Often large commercial customers pay less for energy from utility companies than residential customers. To the extent that utility companies offer commercial customers a lower rate for electricity, they may be less willing to switch to solar energy. Under such conditions, we may be unable to offer solar energy systems in commercial markets that produce electricity at rates that are competitive with the price of retail electricity they are able to obtain from the local utility company. In such event, we would be at a competitive disadvantage compared to the local utility company and may be unable to attract new commercial customers, which would impact our revenues.
Solar energy and other forms of renewable energy compete with other forms of energy and the attractiveness of solar energy reflects the cost of electricity from the local grid.
Solar energy competes with other all other forms of energy, including, particularly local utility companies, whose pricing structure effectively determines the market for solar energy. If consumers, whether residential or commercial, believe that they are paying and will continue to pay too much for electricity from a local utility company, they may consider other alternatives, including alternative providers of electricity from local utility companies as well as forms of renewable energy. If they are in a location where, because of the climate and geography, solar energy is a possibility, they may consider solar energy as an alternative, provided they are satisfied that they will receive net savings in their cost of electricity and their system will provide them with a constant source of energy. Further, although some customers may purchase a solar energy system because of environmental considerations, we believe that the cost of electricity is the crucial factor that influences the decision of a user, particularly a commercial user, to elect to use solar energy.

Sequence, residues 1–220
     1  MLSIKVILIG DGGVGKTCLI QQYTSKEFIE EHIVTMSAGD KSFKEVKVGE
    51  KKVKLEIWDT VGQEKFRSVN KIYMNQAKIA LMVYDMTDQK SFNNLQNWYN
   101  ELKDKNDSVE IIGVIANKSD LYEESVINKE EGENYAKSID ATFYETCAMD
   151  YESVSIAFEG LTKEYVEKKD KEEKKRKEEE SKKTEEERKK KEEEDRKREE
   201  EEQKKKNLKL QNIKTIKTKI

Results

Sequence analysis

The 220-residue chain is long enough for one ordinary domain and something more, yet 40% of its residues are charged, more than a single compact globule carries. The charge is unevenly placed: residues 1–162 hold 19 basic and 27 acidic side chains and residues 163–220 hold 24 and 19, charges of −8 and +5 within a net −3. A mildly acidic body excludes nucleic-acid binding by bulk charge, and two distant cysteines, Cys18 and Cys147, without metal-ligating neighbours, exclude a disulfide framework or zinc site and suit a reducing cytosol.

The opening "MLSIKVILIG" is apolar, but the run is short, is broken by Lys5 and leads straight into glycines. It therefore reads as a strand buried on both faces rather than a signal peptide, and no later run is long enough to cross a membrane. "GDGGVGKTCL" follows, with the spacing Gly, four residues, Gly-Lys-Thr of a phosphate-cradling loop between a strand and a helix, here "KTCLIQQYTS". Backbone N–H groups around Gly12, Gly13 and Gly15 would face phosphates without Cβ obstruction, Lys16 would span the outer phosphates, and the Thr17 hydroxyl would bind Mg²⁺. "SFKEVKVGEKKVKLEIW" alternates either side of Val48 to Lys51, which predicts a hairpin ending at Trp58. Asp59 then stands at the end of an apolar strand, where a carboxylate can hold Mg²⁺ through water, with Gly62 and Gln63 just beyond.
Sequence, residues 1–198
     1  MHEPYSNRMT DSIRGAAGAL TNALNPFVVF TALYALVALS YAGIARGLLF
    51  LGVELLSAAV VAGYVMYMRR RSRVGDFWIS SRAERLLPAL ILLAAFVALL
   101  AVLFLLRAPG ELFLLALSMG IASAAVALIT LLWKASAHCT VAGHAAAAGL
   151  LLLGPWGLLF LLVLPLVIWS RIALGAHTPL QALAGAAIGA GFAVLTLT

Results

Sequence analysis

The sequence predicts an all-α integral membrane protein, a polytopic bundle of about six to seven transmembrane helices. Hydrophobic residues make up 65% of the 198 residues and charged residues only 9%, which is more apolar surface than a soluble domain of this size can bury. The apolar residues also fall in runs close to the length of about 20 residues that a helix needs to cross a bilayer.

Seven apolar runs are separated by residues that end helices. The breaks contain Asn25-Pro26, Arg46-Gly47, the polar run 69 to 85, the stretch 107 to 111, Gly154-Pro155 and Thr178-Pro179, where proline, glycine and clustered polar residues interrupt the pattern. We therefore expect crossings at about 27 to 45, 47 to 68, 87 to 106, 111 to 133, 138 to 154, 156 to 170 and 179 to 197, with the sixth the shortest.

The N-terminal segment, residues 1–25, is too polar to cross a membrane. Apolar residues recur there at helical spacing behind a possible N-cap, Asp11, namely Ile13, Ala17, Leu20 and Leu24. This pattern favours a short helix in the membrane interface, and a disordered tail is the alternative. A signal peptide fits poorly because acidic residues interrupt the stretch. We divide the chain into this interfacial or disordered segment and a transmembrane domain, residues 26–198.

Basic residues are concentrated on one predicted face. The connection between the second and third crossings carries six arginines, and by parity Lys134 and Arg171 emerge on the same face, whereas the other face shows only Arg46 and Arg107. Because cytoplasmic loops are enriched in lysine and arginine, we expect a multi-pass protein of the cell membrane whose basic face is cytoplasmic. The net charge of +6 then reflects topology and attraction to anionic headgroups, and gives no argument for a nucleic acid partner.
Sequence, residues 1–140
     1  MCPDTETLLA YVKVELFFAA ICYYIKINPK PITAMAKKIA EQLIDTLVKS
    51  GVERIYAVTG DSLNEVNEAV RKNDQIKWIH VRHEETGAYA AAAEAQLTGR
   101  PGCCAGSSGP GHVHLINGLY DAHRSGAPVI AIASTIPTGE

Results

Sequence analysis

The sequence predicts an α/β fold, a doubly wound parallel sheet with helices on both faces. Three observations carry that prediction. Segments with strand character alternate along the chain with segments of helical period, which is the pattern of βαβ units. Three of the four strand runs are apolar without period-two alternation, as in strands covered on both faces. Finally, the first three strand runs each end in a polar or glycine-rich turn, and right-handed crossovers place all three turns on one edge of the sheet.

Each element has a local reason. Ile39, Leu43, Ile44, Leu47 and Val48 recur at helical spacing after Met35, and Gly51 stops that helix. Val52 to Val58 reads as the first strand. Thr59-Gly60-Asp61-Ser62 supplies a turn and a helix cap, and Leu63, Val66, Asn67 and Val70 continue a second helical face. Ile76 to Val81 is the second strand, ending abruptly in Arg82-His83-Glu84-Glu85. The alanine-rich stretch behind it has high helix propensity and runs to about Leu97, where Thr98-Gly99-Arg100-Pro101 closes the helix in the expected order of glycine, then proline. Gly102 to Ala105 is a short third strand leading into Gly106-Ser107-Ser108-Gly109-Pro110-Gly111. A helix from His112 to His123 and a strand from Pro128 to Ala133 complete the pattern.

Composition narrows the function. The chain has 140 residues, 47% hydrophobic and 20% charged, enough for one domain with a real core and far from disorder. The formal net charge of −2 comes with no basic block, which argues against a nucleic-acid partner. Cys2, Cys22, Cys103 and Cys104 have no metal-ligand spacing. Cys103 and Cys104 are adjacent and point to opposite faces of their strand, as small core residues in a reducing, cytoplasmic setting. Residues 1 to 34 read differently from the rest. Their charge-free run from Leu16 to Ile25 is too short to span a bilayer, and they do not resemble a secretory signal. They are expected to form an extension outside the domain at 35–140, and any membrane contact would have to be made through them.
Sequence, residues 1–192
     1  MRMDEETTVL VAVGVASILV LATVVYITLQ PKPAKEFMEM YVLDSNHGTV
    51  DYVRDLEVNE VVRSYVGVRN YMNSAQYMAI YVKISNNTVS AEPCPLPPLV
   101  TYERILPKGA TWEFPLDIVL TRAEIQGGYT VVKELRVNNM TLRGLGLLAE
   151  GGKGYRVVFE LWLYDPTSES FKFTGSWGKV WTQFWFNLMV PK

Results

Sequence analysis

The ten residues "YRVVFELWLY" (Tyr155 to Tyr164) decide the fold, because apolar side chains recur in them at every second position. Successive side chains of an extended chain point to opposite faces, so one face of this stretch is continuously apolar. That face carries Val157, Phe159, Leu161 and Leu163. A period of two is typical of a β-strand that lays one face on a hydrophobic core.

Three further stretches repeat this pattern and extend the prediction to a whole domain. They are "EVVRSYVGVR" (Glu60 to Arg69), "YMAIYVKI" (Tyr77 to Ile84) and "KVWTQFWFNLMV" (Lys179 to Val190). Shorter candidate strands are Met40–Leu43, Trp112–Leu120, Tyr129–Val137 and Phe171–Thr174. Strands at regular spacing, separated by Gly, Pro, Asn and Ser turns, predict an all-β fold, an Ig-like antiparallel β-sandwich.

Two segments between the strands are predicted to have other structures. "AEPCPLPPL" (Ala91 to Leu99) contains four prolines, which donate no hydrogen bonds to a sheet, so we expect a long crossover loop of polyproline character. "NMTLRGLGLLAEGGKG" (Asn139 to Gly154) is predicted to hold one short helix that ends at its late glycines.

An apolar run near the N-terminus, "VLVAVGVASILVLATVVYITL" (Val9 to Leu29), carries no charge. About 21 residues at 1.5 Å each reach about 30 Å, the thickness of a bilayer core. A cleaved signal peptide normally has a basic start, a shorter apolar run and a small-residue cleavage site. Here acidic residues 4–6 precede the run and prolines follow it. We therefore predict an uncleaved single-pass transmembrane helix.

RISKS RELATED TO OUR BUSINESS
Our annual and quarterly financial results are subject to significant fluctuations depending on various factors, many of which are beyond our control.
Our sales and operating results can vary significantly from quarter to quarter and year to year depending on various factors, many of which are beyond our control. These factors include, but are not limited to:
|·||seasonal consumer demand for our products;|
|·||discretionary spending habits;|
|·||changes in pricing in, or the availability of supply in, the used powerboat market;|
|·||variations in the timing and volume of our sales;|
|·||the timing of our expenditures in anticipation of future sales;|
|·||sales promotions by us and our competitors;|
|·||changes in competitive and economic conditions generally;|
|·||consumer preferences and competition for consumers’ leisure time; and|
|·||changes in the cost or availability of our labor.|
As a result, our results of operations may decline quickly and significantly in response to changes in order patterns or rapid decreases in demand for our products. We anticipate that fluctuations in operating results will continue in the future.
Our limited operating history with our current business lines makes it difficult to evaluate our current and future prospects and may increase the risk associated with your investment.
We have a limited operating history with our current business lines. Consequently, our operations are subject to all the risks inherent in the establishment of new business lines in industries within which we are not necessarily familiar. We have encountered and will continue to encounter risks and difficulties frequently experienced by rapidly growing companies in constantly evolving industries, including the risks described in this prospectus. If we do not address these risks successfully, our business, financial condition, results of operations and prospects will be adversely affected, and the market price of our common stock could decline. As such, any predictions about our future revenue and expenses may not be as accurate as they would be if we had a longer operating history in our current business lines or operated in a more predictable market.